Competitors are asked to raise sponsorship for the event, and for those not competing and supporters, there is a GoFundMe page for donations: https://www.gofundme.com/all-in-a-row-for-charity/donate
Notes for Editor
Videos of the Event in 2016 & 2017 are available to view through the below links
Charity Number 20003326 in the Republic of Ireland
The Irish Underwater Search and Recovery Unit
The Irish Underwater Search and Recovery Unit (“IUSRU”) is a charity registered in the Republic of Ireland under charity number, CHY20132.
When people go missing on rivers, canals, lakes or around our coasts they go beyond the reach of the public and require specialist equipment and personnel to bring them home, the IUSRU is made up of a dedicated team of volunteers who’s objective is to search for missing people underwater and recover them for their families and friends so they can be given a dignified resting place.
The IUSRU was formed in January 2012 to provide a professional, dedicated and highly trained service that could carry out the task of recovering missing persons with compassion and sensitivity.
In 2014 there were 114 recorded deaths through drowning in Ireland which is an improvement on 2013 with 123 deaths recorded*. The IUSRU will continue to supply this much needed service to the citizens of Ireland to ensure closure can be brought to the families of the missing.
The RNLI is the charity that saves lives at sea and on inland waters. The RNLI’s volunteers operate a 24-hour search and rescue operation 100 nautical miles out from the coast of Ireland and the UK. There are 46 lifeboat stations in Ireland, four of which are inland at Carrybridge, Enniskillen, Lough Ree and Lough Derg. There are three lifeboat stations in Dublin at Howth, Dun Laoghaire and Skerries.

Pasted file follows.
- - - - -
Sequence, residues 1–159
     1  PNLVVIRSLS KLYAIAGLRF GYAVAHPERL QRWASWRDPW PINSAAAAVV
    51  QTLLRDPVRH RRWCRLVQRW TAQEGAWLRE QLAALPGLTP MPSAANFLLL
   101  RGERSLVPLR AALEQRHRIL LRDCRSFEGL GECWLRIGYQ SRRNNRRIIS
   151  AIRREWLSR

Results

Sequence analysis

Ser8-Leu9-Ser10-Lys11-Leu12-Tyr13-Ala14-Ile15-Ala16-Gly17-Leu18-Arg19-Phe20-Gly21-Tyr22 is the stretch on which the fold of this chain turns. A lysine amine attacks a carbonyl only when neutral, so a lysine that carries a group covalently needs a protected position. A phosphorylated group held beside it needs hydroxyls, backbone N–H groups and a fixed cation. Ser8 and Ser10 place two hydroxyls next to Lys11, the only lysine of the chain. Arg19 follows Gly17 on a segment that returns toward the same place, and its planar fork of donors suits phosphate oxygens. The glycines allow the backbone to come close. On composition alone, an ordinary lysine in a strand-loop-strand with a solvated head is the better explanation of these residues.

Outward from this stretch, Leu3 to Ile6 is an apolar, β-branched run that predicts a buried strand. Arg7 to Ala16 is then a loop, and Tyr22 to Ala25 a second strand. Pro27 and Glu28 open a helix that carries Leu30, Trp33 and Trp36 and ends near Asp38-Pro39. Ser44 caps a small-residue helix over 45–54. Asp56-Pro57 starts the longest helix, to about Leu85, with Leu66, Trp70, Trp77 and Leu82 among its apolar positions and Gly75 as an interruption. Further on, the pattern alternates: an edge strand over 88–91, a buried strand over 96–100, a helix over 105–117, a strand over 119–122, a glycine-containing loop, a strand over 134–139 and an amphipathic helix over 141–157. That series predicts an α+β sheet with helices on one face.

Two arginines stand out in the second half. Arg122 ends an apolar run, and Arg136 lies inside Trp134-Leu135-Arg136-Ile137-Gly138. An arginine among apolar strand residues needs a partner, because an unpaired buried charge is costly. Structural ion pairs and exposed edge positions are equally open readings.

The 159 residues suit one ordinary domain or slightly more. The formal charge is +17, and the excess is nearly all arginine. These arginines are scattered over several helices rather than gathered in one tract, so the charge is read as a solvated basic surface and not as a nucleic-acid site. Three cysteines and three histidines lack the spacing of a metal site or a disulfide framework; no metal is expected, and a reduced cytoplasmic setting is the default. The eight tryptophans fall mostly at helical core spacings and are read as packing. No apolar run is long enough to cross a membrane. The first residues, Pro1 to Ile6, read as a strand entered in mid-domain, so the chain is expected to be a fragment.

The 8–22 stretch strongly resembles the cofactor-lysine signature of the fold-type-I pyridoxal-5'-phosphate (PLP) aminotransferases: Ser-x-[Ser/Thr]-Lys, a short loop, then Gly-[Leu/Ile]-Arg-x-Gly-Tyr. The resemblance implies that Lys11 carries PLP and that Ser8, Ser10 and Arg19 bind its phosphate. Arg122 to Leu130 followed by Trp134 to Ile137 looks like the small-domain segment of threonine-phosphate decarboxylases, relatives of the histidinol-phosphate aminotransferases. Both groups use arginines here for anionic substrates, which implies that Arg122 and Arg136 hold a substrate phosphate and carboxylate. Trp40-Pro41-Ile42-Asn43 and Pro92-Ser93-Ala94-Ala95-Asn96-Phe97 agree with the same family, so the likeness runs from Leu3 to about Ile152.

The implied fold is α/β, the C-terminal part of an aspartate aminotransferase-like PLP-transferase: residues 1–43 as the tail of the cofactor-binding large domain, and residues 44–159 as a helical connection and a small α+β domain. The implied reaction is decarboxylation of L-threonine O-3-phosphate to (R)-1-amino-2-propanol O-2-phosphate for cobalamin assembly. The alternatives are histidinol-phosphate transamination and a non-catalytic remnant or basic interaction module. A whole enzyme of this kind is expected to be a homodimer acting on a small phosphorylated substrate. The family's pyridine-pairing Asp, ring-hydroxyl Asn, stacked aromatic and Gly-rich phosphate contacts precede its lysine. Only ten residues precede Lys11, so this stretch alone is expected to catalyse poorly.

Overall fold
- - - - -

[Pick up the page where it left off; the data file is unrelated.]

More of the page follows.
Last year, Irish lifeboats launched 1,088 times bringing 1,471 people to safety.
The charity’s vision is to end preventable loss of life at sea.
95% of the RNLI’s people are volunteers. In Ireland there are approximately 1,000 volunteer lifeboat crew, and over 2,000 volunteer community fundraisers as well as many other dedicated volunteers who raise awareness, give safety advice and help out in shops and offices.
All In A Row Media Contacts
For further information please contact Dave Kelly on 087 961 2803 or Philip Murphy on 087 278 9383.
Key facts about the RNLI
The Royal National Lifeboat Institution is the charity that saves lives at sea. Our volunteers provide a 24-hour search and rescue service in the United Kingdom and Ireland from 238 lifeboat stations, including four along the River Thames and inland lifeboat stations at Loch Ness, Lough Derg, Enniskillen and Lough Ree. Additionally the RNLI has more than 1,000 lifeguards on over 240 beaches around the UK and operates a specialist flood rescue team, which can respond anywhere across the UK and Ireland when inland flooding puts lives at risk.
The RNLI relies on public donations and legacies to maintain its rescue service. As a charity it is separate from, but works alongside, government-controlled and funded coastguard services. Since the RNLI was founded in 1824 our lifeboat crews and lifeguards have saved at least 140,000 lives. Volunteers make up 95% of the charity, including 4,600 volunteer lifeboat crew members and 3,000 volunteer shore crew. Additionally, tens of thousands of other dedicated volunteers raise funds and awareness, give safety advice, and help in our museums, shops and offices.
Learn more about the RNLI
Contacting the RNLI - public enquiries
Members of the public may contact the RNLI on 0300 300 9990 or by email.
The RNLI is a charity registered in England and Wales (209603) and Scotland (SC037736). Charity number 20003326 in the Republic of Ireland